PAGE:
Is there forgiveness in Nature? I believe so. When I see a clear-cut, previously scarred, and often burned, full of blooming foxgloves, or watch a dog wag its tail, ready for a pat after being yelled at, I think Nature sets a fine example for forgiveness. (Flowers covering human scars on the earth, animals instinctively showing loyalty for what could be considered the need for food, may not be your idea of Nature exhibiting forgiveness, but try to imagine it as such, and indulge me!).  There have been studies of chimpanzees who clearly exhibited acts of forgiveness. They share 98.4% of our DNA, apparently forgiveness is in that shared DNA.

Though International Forgiveness Day is in August, I would venture that this season of joy and renewal is also a season of forgiveness, for in the forgiving we open ourselves to, and leave room for, the joyousness of rejuvenation. The theme of triumph over evil is present in the Easter story of Jesus and many of the Holi stories of Krishna.  Passover, another spring holiday, celebrates liberation from oppression. Spring rites, older than all of these religious celebrations, celebrate victory over the darkness and harshness of winter. A victors heart is a forgiving heart.


bright spring colors
for Holi, the Festival of Color!

Whatever you celebrate this week – Holi, Easter, Spring, or one of the many other spring holidays and celebrations found throughout the world, begin with forgiveness – feel the freedom of a “lightened load” – then let the joy in!

You are encouraged to share in the comments sections your own religious, spiritual, personal spring celebrations of renewal.

Hare Hare Everywhere

Wishing a  beautiful, and hopefully sunny, Easter weekend to my blog friends.

I have quite a collection of bunny pictures. I call them bunnies, other folks call them rabbits, but it is the snowshoe hare who lives amongst us.  The legend of the Easter bunny is a story about a snowshoe hare.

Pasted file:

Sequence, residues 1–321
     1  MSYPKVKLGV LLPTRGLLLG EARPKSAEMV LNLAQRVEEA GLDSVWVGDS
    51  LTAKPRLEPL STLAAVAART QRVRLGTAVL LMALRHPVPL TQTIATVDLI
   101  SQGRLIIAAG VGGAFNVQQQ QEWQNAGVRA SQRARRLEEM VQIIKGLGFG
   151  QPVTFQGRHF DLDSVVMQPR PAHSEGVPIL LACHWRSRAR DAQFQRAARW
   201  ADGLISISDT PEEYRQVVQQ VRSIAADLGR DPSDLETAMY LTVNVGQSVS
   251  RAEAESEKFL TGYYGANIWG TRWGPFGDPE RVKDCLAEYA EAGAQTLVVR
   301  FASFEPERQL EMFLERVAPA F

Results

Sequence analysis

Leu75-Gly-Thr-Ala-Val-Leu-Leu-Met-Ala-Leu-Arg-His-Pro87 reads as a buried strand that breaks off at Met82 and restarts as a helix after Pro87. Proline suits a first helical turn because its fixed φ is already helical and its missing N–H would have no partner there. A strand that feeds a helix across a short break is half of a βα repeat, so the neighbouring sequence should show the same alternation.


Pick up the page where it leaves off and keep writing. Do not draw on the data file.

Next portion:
Eostre, or Ostara, is the Germanic goddess (whence the word Easter is derived) of fertility (estrogen is also named after her). It is her job to bring spring to the cold wintry world, but one year she was late, which brought all kinds of havoc, including the near death of a small bird whose wings had frozen.  Eostre held the bird, bringing it back to life, then, since it couldn’t fly, turned it into a snowshoe hare and kept it as a pet, though some versions say it was her lover.  She named it Lepus (Lepus Americanus is the Latin name for snowshoe hares) and gave it the gift of laying colored eggs, to remind it of its bird origins. One day Eostre got upset with her hare and threw it into the sky, where it remains today as the constellation Lepus, lying at the feet of Orion the hunter (not a good place for a hare, or any animal).  Later Eostre soften a bit and allowed Lepus to come back to earth one day a year, in the spring, to lay his beautiful eggs. He would lay them in hidden places so they wouldn’t be found and eaten.  Eostre’s hare became Easter’s bunny, its eggs – Easter eggs, symbols of rebirth for spring rites, and looking for the hidden eggs became egg hunts and Easter baskets.  Or so the story goes.

I have great respect for goddesses, legends, and cultural traditions, but I like my hares plain and simple.  I find them quite magical just the way they are.  Unlike rabbits, whose babies are born with their eyes closed, ‘real’ hares not only don’t lay eggs, but give birth to babies with their eyes open, unique among the world of mammals.  Born fully furred and mobile, snowshoe hares venture out on their own very young.  Given their place in the food chain, it is remarkable any survive.  We once found a very tiny hare in our lawn, perhaps it had been grabbed, then dropped, by some predator.  It appeared to have a broken leg so we brought it in, raised it until it seemed healed, then released it.

young hare 'hiding' in dirt under our eave

Solitary young snowshoe hares hide in various places, coming together at mom’s to nurse several times a day.  At four weeks they are on their own.  Hare’s enjoy naps and dust baths, which may explain why the little one that showed up in our yard last year sat very still throughout the day in the dry dirt under the eave of our house.  Though not really hidden, it might have felt protected – being such a tiny fur ball, it blended into the rocky dirt.

it would come out to munch on rose leaves

So far no hares have arrived this spring. Unlike Eostre’s Lepus, they don’t necessarily appear at Easter.  The delightful weaving of pre-Christian symbols for renewal and rebirth with the Christian story of resurrection results in a season of optimism and new beginnings.  May your basket overflow with the blessings and hope of the season.